EnemyGraph Facebook Application

UPDATE: you can follow the trending & top enemies on enemygraph.com and my ongoing comments on the project on twitter. For press see bottom of this post.

For the past six months my research group has been looking into an app that explores social dissonance on Facebook. Today we are announcing the public release of EnemyGraph. The project was developed principally by graduate student Bradley Griffith with invaluable help from undergraduate Harrison Massey.

EnemyGraph is an application that allows you to list your “enemies”. Any Facebook friend or user of the app can be an enemy. More importantly, you can also make any page or group on Facebook an “enemy”. This covers almost everything including people, places and things. During our testing testing triangles and q-tips were trending, along with politicians, music groups, and math.

Most social networks attempt to connect people based on affinities: you like a certain band or film or sports team, I like them, therefore we should be friends. But people are also connected and motivated by things they dislike. Alliances are created, conversations are generated, friendships are stressed, stretched, and/or enhanced.

Facebook runs queries to find affinities. EnemyGraph runs what we call dissonance queries. So if you have said you like, say, Portlandia on your profile page, and in our app one of your friends has declared them an “enemy” we will post this “dissonance report” in the app. In other words we point out a difference you have with a friend and offer it up for conversation, as opposed to a similarity. Relationships always include differences, and often these differences are a critical part of the fabric of a friendship. In the country club atmosphere of Facebook and it’s platform such differences are ignored. It’s not part of their “social philosophy”.

EnemyGraph is a critique the social philosophy of Facebook. On it’s developer splash page Facebook invites us to “Hack the Graph” - and so we did. We give them a couple of weeks at best before they shut us down for broadening the conversation and for “utilizing community, building conversation, and curating identity” their three elements of social design. EnemyGraph is a kind of social media blasphemy.

The ironic thing is - and this is a byproduct of the project rather than the intention - we are generating a whole new set of personal data that could potentially be mined. I found it a compelling tool for self expression, at least as powerful as the likes list on your Facebook profile page. Often, it tells you a great deal about a person in a way that an affirmative list can not. The first thing my colleague Dave Parry though of to list, for example, was venison, which says a lot by itself.

I’m sure there are new algorithms that can be developed around what you can sell some one when they don’t like X or Y, and conversely what they will like, what kind of person they are, etc. Or, similar to an idea Clive Thompson mentioned to me, find out what I might like or dislike based on a set of dislikes I share with others. We’ve thought about it and think there’s actually a positive social value in all this. Alliances between people around social and political issues are one thing. There are also interesting ways to connect to people that you never would have known by affinities alone. The group that has made venison an enemy might have never encountered one another. And of course there are also likely ways to structure business around it (which is why Andrew Famiglietti thinks maybe Facebook will leave EnemyGraph up, even while they hold their nose). But our interest for this project is a simple, expressive, often fun critique of the lopsided Facebook approach to online mediated social interaction.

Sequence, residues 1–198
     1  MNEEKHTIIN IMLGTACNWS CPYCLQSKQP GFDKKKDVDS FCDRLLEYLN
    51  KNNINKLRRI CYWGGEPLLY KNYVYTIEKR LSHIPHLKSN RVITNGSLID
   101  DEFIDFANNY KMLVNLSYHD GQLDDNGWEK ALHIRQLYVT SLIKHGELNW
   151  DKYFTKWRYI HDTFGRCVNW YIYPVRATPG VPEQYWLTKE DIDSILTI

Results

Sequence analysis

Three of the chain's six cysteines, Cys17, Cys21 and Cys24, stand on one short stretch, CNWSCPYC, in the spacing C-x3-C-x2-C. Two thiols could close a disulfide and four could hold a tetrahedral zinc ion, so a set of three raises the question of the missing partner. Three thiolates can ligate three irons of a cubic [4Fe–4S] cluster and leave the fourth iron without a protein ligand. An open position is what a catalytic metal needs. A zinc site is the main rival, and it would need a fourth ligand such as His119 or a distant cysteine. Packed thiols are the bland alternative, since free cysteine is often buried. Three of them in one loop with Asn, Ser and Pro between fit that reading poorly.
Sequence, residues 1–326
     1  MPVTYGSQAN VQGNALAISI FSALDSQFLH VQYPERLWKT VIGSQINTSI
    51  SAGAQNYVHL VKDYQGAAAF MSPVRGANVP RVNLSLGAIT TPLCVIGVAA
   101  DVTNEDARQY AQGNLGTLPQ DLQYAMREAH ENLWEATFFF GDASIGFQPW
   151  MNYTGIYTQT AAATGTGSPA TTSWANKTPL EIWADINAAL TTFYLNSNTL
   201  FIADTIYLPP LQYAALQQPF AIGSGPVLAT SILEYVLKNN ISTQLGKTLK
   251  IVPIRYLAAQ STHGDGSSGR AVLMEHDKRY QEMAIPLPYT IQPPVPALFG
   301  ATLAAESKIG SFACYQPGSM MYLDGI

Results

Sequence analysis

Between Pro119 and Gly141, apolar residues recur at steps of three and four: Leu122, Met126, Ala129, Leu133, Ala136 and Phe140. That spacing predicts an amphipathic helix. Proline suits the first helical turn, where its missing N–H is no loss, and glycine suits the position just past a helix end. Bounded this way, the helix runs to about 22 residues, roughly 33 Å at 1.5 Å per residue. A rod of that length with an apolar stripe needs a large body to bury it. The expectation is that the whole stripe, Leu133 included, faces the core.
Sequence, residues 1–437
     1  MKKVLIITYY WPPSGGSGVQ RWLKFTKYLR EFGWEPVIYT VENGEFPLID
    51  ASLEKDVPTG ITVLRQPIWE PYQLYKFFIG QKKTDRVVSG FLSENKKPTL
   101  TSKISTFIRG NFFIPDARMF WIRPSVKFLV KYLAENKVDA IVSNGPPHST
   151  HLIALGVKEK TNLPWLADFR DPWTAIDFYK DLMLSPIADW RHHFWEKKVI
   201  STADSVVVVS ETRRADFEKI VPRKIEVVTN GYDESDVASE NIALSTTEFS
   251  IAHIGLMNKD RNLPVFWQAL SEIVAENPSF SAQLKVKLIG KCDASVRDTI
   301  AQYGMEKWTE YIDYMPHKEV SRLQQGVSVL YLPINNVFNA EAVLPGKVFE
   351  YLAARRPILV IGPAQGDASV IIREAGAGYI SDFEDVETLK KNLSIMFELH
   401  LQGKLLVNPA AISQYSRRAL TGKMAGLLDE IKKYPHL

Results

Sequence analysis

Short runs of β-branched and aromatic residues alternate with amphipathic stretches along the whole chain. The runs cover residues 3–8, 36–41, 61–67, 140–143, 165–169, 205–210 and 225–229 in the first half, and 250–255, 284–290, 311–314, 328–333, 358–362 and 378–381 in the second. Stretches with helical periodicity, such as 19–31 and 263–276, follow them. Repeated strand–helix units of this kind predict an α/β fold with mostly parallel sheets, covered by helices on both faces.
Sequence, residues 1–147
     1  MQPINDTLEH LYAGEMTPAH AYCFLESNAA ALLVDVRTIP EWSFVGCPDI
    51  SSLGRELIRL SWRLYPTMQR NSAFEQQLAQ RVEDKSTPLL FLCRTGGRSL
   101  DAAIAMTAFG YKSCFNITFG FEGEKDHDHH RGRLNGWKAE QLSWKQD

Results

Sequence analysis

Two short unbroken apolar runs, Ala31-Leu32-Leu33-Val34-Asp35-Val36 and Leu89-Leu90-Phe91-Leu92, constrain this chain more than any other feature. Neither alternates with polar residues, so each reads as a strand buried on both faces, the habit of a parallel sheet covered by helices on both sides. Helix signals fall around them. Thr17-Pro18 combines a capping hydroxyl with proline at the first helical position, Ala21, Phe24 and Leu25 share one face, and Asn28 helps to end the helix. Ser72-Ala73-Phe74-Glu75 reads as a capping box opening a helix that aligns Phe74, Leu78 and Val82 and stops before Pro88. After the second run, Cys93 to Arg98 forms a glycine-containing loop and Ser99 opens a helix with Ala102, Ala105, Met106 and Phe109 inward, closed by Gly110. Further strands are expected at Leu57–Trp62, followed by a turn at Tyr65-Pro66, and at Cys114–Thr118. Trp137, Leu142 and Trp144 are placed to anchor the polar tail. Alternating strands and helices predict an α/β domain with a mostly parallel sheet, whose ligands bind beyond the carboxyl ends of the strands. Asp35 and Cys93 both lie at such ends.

A few people have asked us about the potential for misuse. Beyond the obvious fact that every tool can be misused ours is all opt in. Also, based on our test group, it’s also mostly in jest. (I’ve been to top enemy among my friends all through testing). If you are not friends with someone, or not a user of the app, or generally not famous, you cannot be listed as an “enemy”. We will also monitor the app closely for abuse.

Because of the fact that you can make pretty much any object, place, or thing that has a FB page an “enemy” EnemyGraph is in some ways an unfortunate name. So it’s not just a list of people. In fact you can have an entire list with no people on it at all. In a way we are misusing the word “enemy” just as much as Facebook and others have misused “friend”.

One early user described EnemyGraph as a way to “interact with your friends over common enemies … creating alliances based on shared animosities”.

How the project was made:
When I saw the first friends list at the beginning of the social media era the first thing I thought was “where’s the enemies list?” No one ever made one, so we did. We actually started out working on something called UnFriends. It was in the aftermath of undetweetable, which generated plenty of attention, but was shut down by Twitter in 5 days. After coming across some language from Facebook saying an app cannot encourage unfriending we decided to shelve what was nearing a finished application. We knew it would last only a day or so. So we moved on to what at first we called EnemyList, which was just that simple. Once we figured out you could add any FB page it became EnemyGraph - playing off “social graph”. The project was developed almost entirely by Bradley Griffith over the course of a few months, with invaluable research help from Harrison Massey. Bradley is an Emerging Media + Communication (EMAC) graduate student and Harrison is an undergraduate.